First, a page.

Gospel-Centered Discipleship Review

May 23, 2012

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Language & Definition

Resources and books are flooding the shelves of Christian bookstores and online bookstores which contain the word, ‘gospel.’ A quick search on Amazon alone returns over 25,000 Christian book results containing the word, ‘gospel.’ To this trove of books, Jonathan K. Dodson of Austin City Life Church has contributed another worthy book.

Why offer another book on two topics which are currently being widely written on: gospel and discipleship? Perhaps that’s the problem, Dodson would maintain. They’re not necessarily two different, unrelated topics, but rather inherently dependent on one another. 

Dodson shares how early in life he split the two themes of evangelism and discipleship, and using the two terms to describe two different things only helped reinforce that dichotomy. He writes:

Should discipleship be understood as evangelizing non-Christians or the maturing of Christians? Second, and more importantly, the separation of evangelism from discipleship implies that ‘sharing the gospel’ with non-Christians is an activity that is unnecessary with Christians… this dichotomy surfaces a false view of the gospel, namely that the gospel has the power to save but not to sanctify.

Repentance for Christian Joy

One of the book’s gems in my opinion is Dodson’s chapter on the proper motivation for discipleship and growth in Christ. Picking up on the two most evident motivations for spiritual growth in the previous chapter (religious performance and spiritual license), Dodson urges the disciple to instead be motivated by a delight in God. Drawing from Jonathan Edwards, Tim Keller, and John Piper, Dodson does his best work laying out these themes of repentance and faith and believing the promises and warnings of God’s Word. Of repentance he writes, “Repentance is not a one-time act to get us into heaven, but an entire way of life to maintain Christian joy.”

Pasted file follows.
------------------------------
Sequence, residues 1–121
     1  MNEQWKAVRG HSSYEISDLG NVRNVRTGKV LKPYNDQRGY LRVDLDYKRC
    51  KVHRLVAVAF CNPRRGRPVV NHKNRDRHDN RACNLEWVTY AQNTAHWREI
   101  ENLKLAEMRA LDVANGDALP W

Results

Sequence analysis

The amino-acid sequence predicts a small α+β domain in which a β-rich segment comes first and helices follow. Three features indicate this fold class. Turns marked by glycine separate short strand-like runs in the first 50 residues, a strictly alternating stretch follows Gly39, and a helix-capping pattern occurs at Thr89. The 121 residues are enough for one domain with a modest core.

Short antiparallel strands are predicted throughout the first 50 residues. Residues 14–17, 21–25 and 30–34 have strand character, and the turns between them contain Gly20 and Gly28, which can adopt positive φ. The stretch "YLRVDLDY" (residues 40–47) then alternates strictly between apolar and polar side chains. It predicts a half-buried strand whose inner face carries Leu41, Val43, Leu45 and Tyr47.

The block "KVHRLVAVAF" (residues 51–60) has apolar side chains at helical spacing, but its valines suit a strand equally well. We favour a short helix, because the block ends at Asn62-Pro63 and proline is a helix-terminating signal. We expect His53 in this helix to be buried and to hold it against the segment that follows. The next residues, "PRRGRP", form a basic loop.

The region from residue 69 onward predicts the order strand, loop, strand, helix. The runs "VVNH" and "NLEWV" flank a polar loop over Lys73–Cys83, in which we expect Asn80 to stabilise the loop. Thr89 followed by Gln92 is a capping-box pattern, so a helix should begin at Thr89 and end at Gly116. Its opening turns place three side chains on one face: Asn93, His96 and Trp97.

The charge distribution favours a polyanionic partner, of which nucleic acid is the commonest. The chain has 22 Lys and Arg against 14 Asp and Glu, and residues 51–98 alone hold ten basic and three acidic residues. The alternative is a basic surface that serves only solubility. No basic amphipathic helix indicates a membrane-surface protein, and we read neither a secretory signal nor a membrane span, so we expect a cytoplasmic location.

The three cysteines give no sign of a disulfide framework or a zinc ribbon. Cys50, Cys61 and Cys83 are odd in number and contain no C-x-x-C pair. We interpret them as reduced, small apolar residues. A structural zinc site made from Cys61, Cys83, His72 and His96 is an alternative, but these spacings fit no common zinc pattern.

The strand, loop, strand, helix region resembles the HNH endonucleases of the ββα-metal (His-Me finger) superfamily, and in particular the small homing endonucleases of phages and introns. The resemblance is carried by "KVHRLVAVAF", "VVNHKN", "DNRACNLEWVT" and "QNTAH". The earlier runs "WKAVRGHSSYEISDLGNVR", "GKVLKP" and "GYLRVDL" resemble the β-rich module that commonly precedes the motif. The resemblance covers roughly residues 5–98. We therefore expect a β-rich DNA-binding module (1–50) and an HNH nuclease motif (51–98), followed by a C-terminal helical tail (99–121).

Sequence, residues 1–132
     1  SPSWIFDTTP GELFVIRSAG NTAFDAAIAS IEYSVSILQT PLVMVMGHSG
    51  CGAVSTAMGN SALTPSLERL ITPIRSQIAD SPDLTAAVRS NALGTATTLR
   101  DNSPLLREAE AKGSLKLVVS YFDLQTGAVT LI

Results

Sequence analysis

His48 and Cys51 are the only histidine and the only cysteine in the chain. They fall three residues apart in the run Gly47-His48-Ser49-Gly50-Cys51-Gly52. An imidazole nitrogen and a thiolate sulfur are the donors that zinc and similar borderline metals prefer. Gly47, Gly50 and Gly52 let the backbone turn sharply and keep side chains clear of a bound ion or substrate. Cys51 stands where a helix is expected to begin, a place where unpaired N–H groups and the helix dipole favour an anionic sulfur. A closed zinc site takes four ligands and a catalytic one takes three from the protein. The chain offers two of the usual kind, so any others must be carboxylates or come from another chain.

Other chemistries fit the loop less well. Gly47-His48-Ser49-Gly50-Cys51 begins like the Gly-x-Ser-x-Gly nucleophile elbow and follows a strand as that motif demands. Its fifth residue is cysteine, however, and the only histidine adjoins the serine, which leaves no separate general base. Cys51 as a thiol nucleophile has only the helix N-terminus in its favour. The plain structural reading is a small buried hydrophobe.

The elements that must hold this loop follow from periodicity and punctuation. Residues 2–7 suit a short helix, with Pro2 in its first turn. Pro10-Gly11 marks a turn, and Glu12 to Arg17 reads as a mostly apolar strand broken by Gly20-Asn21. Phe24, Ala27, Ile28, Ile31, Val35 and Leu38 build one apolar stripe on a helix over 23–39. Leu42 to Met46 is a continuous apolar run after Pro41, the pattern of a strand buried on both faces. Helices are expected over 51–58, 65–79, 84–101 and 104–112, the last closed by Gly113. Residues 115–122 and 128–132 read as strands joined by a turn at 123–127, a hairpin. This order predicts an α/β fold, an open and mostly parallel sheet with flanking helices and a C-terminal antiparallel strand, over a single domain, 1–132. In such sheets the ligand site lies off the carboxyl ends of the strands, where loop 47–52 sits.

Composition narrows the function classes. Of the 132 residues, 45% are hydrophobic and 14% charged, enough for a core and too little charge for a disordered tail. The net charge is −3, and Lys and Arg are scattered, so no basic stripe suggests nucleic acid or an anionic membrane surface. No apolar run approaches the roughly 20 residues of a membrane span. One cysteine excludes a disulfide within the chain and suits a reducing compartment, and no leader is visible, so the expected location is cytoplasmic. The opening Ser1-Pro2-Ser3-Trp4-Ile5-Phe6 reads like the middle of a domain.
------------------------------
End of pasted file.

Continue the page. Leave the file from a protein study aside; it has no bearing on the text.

The diagram he shares in this chapter is both easy to understand and simple enough to share with someone struggling in the midst of sin. The formula is neither legalistic nor moralistic, but rather shines the light of truth into the very heart of human motivation. Dodson will actually spend an entire chapter subsequently to discuss the role of the Holy Spirit in this process. Speaking on the role of the Holy Spirit, he writes, “Perhaps the most neglected motivation for discipleship is the power and presence of the Holy Spirit.”

Practical and Theological

I was surprised at the symmetry and balance throughout the book. Dodson’s work is well-researched and biblical without being inaccessible for a new believer or a struggling counselee. Never dispensing random bits of counsel and advice disconnected from their context or the life giving power of the gospel, Dodson goes to great lengths to show practically how the theological principles promoted in the book work themselves out in real living. 

One of those avenues is through gospel-community living, or what Dodson will term ‘fight-clubs.’ Without giving everything away, I was personally challenged to begin thinking through what it would be like to live life with several Christian brothers with this objective in mind.

Join the Conversation

Do you separate the themes of evangelism and discipleship? Practically, is the gospel something which ‘gets you in’ but not something which ‘helps you continue on’?

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